On May 11, 2021, Alvotech USA and Alvotech hf (jointly, Alvotech) filed a complaint seeking declaratory judgement against AbbVie Inc. and AbbVie Biotechnology Ltd (jointly, AbbVie) in the Eastern District of Virginia. As readers of this blog may recall, in September 2020, Alvotech USA filed a BLA for AVT02, a biosimilar of AbbVie’s 100 mg/mL citrate-free Humira® formulation. In March of 2021, AbbVie filed a patent infringement lawsuit in the Northern District of Illinois (N.D. Ill.) under the BPCIA against Alvotech hf, alleging that Alvotech hf’s filing of a BLA infringed 62 of AbbVie’s patents. Alvotech USA, based in Arlington, Virginia, is a wholly-owned subsidiary of Alvotech hf, based in Iceland. AbbVie did not name Alvotech USA as a party in the infringement suit.
In Alvotech’s complaint, it alleges that AbbVie incorrectly sued Alvotech hf in the N.D. Ill. BPCIA litigation and that Alvotech USA, as the BLA applicant, should have been named as a defendant. The complaint alleges that “AbbVie declined to sue Alvotech USA because AbbVie does not want to litigate this dispute in the Eastern District of Virginia” and that the failure to name the correct party, along with Abbvie’s actions during the required “patent dance,” is “misconduct [that] has necessitated this declaratory judgement suit.” The complaint alleges that “normally Plaintiffs would have filed as a counterclaim to AbbVie’s affirmative claim of patent infringement, had AbbVie brought its claims against the proper parties and in the proper jurisdiction.” Below is a summary of the complaint’s claims.
Declaratory Judgement of Non-Infringement and Invalidity
The complaint alleges that only four of AbbVie’s patents are appropriate for litigation between the parties and that “invalidation of these four patents should pave the way for market entry of AVT02”: US 8,420,081; US 9,085,619; US 8,926,975; and US 8,961,973. The ’081 and the ’619 patents are directed to various aqueous formulations of antibodies, including, specifically, adalimumab. The ’975 patent is directed to methods of treating active ankylosing spondylitis using certain doses of subcutaneously administered adalimumab. The ’973 patent is directed to methods of treating Crohn’s disease using certain doses of subcutaneously administered adalimumab. For each patent, the complaint asserts a claim for a declaratory judgment of non-infringement and invalidity.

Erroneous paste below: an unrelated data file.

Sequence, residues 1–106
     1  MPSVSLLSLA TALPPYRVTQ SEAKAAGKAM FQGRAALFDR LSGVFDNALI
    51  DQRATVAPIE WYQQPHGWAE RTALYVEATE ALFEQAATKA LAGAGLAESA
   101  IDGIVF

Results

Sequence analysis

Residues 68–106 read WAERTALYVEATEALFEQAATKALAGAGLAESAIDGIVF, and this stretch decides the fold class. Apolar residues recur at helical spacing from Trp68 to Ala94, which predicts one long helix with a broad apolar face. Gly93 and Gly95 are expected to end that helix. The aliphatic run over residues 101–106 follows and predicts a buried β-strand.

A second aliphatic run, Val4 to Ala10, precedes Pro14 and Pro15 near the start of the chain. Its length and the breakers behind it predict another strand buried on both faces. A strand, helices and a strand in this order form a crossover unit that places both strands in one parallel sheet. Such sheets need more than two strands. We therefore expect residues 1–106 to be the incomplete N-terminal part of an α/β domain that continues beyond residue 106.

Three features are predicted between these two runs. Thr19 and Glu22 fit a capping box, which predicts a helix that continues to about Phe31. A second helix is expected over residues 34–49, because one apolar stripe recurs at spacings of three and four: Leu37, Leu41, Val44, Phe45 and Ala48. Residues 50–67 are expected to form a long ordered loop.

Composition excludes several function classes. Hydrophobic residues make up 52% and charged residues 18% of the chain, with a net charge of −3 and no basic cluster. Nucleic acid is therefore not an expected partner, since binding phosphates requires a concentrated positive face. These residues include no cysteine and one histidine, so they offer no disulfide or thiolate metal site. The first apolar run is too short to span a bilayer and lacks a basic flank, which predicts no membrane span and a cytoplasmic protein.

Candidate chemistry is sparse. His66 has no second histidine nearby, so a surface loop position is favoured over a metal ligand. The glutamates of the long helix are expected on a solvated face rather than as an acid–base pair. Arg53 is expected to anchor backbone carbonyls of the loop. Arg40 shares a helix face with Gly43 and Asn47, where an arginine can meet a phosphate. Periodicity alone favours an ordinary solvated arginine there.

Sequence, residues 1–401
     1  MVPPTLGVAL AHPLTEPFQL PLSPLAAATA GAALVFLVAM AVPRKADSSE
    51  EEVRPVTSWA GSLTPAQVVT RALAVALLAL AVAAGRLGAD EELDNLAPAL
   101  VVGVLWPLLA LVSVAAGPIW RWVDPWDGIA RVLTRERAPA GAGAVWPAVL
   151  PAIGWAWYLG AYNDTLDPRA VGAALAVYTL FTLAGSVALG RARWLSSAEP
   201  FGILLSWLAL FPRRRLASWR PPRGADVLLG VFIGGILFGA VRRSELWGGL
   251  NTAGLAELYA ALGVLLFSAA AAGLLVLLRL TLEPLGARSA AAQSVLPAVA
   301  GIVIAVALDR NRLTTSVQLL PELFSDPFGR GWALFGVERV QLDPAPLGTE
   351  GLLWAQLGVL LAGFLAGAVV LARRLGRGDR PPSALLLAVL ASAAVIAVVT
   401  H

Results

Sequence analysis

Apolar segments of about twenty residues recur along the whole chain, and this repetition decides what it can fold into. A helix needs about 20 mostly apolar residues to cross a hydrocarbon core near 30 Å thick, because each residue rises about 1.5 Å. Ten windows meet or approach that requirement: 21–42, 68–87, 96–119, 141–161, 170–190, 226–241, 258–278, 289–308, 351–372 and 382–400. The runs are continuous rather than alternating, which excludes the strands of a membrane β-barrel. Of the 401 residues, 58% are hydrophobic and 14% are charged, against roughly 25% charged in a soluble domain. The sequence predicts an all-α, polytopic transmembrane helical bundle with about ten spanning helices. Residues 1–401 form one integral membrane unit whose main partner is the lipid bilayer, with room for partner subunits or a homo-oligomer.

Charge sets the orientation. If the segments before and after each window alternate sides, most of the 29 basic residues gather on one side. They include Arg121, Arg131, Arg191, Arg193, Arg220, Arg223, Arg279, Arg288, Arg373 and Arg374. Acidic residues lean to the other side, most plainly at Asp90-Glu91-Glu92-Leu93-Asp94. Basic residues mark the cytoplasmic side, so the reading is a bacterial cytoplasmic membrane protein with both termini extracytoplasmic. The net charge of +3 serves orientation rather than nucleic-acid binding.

Declaratory Judgement of Unenforceability for Inequitable Conduct
The complaint also alleges that the ’973 patent is unenforceable due to inequitable conduct. According to the complaint, during prosecution, “AbbVie argued to the [patent e]xaminer that a person of skill would be concerned about doses of adalimumab greater than 40mg/ml.” The complaint alleges that, contrary to AbbVie’s representations to the patent office, “AbbVie knew that [Abbott] had run prolonged safety studies that showed that adalimumab was safe in doses up to [5x] greater than the claimed induction doses.”
Declaratory Judgement of Unenforceability Due to Unclean Hands
The complaint further alleges that the asserted patents should be held unenforceable due to AbbVie’s “unclean hands.” According to the complaint, AbbVie has engaged in “misconduct designed to build and shield its ‘patent minefield’ from meaningful litigation, thus reducing the risk that those patents would undergo the legal scrutiny necessary to ensure that AbbVie’s ‘monopol[y is] kept within their legitimate scope.’” The complaint alleges that AbbVie’s assertion of 60+ “dubious patents” is unprecedented and that AbbVie’s refusal to pick a smaller subset of patents is a deliberate strategy designed to “‘reduce [its] risk that even the most frivolous patent will ever face judgement.”
The complaint also alleges that AbbVie “inflated” the Humira® patent portfolio by “patenting purported inventions that AbbVie does not use for Humira®; by seeking multiple patents on the same invention, both as part of the same and different patent families and without informing the PTO of the [related co-]pending applications in the other families; by seeking patents that cover prior art Humira®; by obtaining patents through inequitable conduct; and by obtaining patents on purported innovations that AbbVie itself did not invent.”
The complaint additionally alleges that AbbVie’s failure to launch the 100 mg/ml citrate-free formulation following the FDA’s approval in 2015 was a “strategic delay” designed to “maintain [AbbVie’s] monopoly even beyond 2023” when the 50 mg/ml biosimilars would launch. According to the complaint, AbbVie was “banking that other potential biosimilar competitors had committed to developing biosimilars of the pre-existing, lower concentration formulation.”
Declaratory Judgement of Unenforceability Due to Patent Misuse
Finally, the complaint alleges that the patents in suit are unenforceable due to patent misuse. Per the complaint, “AbbVie’s scheme is to ‘engage the litigation process itself’—including the enormous expense and uncertainty of that process—to ‘deter others from competition,’ and to avoid legal scrutiny of its patents.” The complaint cites the size of AbbVie’s patent portfolio as the means by which it attempts to “intimidate both Alvotech and prior competitors” from engaging in legal scrutiny of the Humira® patent portfolio.
Stay tuned to Big Molecule Watch for updates as this case progresses.